Aziz Rahman, Rahman Ravelli’s Senior Partner comments on this morning’s announcement that the Serious Fraud Office has decided to bring charges in the GPT corruption investigation: ‘The bringing of these charges could be viewed as a brave move when the possible political and economic effects on relations between the UK and Saudi Arabia are considered.
“In 2006, the Tony Blair government called off a three-year investigation by the Serious Fraud Office (SFO) into alleged bribery by British Aerospace in relation to Saudi defence contracts, citing economic and political reasons. This case could possibly have gone the same way.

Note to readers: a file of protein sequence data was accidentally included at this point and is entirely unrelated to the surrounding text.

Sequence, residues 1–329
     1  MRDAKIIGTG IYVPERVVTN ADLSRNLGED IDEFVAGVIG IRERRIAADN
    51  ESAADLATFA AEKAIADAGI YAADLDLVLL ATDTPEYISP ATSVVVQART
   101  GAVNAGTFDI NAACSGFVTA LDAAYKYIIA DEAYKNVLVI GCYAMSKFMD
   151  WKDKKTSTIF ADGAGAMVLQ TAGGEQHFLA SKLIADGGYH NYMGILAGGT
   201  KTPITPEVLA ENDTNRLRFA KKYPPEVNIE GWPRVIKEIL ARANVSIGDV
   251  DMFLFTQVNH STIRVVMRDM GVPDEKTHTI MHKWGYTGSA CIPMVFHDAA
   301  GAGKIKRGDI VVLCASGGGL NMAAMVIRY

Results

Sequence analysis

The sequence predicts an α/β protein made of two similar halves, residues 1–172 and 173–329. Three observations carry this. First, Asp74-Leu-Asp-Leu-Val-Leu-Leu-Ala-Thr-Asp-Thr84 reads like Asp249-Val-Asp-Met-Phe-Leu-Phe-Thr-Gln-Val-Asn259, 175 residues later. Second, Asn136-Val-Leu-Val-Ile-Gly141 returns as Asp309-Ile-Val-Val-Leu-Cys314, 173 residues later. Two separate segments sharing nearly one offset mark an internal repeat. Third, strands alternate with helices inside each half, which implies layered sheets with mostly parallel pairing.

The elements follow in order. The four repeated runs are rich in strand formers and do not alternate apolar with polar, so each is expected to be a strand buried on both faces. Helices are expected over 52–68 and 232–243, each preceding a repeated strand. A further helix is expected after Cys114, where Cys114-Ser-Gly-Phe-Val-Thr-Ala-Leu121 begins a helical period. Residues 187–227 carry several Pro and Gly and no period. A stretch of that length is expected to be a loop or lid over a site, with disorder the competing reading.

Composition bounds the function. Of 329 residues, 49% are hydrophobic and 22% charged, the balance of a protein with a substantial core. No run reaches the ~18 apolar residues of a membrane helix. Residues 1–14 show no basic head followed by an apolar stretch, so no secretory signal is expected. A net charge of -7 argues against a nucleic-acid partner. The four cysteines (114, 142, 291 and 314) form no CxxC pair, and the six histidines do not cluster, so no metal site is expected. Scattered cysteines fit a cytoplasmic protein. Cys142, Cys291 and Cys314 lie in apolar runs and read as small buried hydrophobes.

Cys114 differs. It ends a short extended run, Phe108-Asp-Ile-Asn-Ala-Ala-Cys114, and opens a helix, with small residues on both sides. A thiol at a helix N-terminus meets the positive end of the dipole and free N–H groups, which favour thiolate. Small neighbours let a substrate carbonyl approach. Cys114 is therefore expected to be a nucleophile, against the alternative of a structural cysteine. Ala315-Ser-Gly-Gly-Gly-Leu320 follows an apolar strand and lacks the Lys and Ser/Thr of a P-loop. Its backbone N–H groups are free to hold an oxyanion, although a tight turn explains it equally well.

“This is a case that has taken eight years to reach the stage where charges are brought. It did certainly seem as if successive governments were simply kicking the can down the road and avoiding making a decision.
“The SFO submitted a formal request to the then Attorney General to launch a prosecution at least two years ago. The length of time for a decision to be taken was being viewed in some quarters as a sign of just how willing – or unwilling – the UK was to take a tough approach on tackling bribery when it could be politically sensitive to do so.
“But we now have a decision made by the current Attorney General. While the eventual outcome obviously remains to be seen, it is to this government’s credit that it has grasped the nettle on this one.”